Lurie Children’s Celebrates 2,000th Cochlear Implant Surgery
Pioneering work to improve hearing for children through cochlear implantation has been done at Ann & Robert H. Lurie Children’s Hospital of Chicago (formerly Children's Memorial Hospital) since 1991, when the first child in Chicago underwent this life-changing surgery. In December, the hospital’s cochlear implant program marked another milestone, when Nancy Young, MD, the founder and medical director of the program and an international leader in the field, performed the 2,000th cochlear implant procedure at Lurie Children’s.
The 2,000th implant recipient was a teenager from Chicago with profound hearing loss in one ear and normal hearing in his opposite ear, which is known as single-sided deafness, or SSD.
“Although children with this condition learn to speak, they face constant challenges,” said Dr. Young. “When cochlear implantation technology first emerged, it was used only for children who were deaf in both ears, and otherwise would not have the opportunity to speak. Now we have surpassed that limited use.”
The expanded use of cochlear implantation for children is driven by growing research demonstrating the importance of hearing from two ears. Although children with normal hearing in one ear will learn to speak, they have difficulty in many situations, especially when background noise is present.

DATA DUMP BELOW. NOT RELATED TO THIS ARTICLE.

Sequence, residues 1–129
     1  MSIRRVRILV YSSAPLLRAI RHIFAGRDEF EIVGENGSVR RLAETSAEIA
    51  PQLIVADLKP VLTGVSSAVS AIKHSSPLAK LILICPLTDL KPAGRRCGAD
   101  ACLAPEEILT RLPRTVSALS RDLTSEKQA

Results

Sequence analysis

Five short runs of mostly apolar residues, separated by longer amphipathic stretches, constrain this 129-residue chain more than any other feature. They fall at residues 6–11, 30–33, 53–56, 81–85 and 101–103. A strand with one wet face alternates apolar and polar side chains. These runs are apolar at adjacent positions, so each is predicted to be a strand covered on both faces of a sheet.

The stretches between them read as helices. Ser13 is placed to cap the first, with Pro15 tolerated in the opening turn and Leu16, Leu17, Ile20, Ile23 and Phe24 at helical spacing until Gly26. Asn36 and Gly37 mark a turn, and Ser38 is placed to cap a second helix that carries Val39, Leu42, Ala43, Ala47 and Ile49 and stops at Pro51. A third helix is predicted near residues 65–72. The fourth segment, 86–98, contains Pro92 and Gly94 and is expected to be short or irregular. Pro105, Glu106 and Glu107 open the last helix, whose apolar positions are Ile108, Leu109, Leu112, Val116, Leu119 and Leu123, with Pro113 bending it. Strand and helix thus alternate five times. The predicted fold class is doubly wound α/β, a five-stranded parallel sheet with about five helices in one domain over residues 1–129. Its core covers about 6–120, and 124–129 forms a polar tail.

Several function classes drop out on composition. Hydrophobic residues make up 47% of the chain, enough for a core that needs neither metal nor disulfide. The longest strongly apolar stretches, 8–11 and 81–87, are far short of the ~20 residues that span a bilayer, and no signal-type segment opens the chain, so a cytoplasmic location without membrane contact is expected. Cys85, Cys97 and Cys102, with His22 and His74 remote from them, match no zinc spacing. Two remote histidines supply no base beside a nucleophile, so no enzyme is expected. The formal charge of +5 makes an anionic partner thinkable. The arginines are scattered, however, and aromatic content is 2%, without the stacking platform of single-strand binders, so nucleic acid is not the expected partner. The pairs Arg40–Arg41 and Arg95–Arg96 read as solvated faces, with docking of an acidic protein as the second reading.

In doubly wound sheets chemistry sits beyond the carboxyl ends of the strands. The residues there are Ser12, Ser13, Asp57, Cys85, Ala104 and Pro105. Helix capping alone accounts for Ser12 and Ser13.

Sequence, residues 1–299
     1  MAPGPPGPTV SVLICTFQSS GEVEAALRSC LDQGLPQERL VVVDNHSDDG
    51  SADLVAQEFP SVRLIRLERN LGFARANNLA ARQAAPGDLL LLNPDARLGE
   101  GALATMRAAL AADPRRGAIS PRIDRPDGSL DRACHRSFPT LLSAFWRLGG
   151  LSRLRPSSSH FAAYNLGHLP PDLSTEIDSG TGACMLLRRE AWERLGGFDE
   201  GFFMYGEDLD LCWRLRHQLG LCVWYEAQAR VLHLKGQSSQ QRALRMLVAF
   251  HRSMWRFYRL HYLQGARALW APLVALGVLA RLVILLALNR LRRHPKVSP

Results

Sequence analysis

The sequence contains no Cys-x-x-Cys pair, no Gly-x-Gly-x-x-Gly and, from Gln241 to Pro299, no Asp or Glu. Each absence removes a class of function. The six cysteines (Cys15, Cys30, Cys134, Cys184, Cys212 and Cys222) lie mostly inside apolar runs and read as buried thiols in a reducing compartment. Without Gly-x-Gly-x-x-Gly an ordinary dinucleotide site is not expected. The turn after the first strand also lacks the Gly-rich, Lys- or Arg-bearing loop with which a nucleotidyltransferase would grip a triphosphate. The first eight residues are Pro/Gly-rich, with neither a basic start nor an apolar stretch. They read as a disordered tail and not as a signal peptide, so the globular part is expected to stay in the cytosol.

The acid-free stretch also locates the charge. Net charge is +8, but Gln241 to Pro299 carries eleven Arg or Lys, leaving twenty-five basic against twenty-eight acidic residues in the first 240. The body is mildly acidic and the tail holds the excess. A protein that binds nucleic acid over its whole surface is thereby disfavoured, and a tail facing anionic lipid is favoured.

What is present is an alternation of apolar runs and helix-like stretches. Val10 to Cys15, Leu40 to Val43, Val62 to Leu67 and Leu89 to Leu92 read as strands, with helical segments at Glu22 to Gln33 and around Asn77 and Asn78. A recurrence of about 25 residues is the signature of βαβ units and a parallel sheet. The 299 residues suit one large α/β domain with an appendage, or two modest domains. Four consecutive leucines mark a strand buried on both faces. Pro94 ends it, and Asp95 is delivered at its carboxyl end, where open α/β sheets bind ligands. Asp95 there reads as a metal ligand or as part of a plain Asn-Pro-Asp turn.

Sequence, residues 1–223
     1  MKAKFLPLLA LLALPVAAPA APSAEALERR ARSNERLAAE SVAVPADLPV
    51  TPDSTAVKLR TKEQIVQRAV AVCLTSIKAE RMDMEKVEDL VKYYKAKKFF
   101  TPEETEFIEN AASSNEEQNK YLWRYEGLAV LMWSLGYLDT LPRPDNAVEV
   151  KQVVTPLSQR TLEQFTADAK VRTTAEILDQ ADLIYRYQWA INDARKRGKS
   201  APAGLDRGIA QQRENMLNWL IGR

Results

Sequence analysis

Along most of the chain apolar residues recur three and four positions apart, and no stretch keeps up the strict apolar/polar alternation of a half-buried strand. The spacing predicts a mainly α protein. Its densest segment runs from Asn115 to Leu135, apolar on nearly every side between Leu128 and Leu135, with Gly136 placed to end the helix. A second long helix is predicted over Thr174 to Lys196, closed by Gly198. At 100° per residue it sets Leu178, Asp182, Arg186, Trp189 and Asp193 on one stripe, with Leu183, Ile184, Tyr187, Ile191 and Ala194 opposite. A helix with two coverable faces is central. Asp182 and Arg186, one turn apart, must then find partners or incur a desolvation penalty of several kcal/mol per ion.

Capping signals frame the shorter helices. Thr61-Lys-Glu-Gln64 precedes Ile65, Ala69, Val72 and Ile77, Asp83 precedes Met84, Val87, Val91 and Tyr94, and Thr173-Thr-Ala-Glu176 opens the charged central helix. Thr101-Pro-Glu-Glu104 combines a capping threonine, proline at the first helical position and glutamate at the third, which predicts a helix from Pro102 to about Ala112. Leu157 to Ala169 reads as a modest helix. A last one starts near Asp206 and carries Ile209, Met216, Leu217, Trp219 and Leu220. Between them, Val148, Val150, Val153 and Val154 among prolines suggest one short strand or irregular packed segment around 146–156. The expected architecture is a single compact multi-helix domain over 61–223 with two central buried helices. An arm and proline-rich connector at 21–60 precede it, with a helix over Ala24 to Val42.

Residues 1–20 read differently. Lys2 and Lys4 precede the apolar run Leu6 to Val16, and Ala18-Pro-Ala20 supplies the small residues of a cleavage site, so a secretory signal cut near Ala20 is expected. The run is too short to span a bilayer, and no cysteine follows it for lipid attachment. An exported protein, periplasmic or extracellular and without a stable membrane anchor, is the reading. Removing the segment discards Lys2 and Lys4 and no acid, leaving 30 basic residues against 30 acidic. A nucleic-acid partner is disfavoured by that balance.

“Children with only one hearing ear must concentrate harder to understand what is being said, which is often exhausting,” said Stephen Hoff, MD, implant team surgeon. “They also have difficulty telling where sound is coming from, which can be a safety issue.”
“This milestone of 2,000 cochlear implant surgeries provides an opportunity for us to look back and see how far we have come and to look forward to helping even more children with hearing loss – in one or both ears,” Dr. Young said.
Lurie Children’s program is now one of the largest cochlear implant programs in the world. The multidisciplinary 23-member team consists of audiologists, speech language pathologists, social workers, nurses, an educator and surgeons, all with specialized training and knowledge.
Aaron, the recipient of the 2,000th processor at Lurie Children’s, is a 15-year-old high school sophomore who suddenly lost hearing in his right ear when he was a freshman. Aaron received a MED-EL Synchrony, a device that in July received FDA approval specifically for use in children with hearing loss in only one ear. His mom, Nancy, said her family had no hesitation about pursuing cochlear implant surgery. A middle school teacher, Nancy had a student in her class who received cochlear implants at Lurie Children’s, so she saw firsthand how these devices allow a child to thrive.
“It was an easy decision,” said Nancy, Aaron's mom. “I hope milestones like this one will help spread the word to people facing hearing loss about the benefits and advantages of cochlear implants.”
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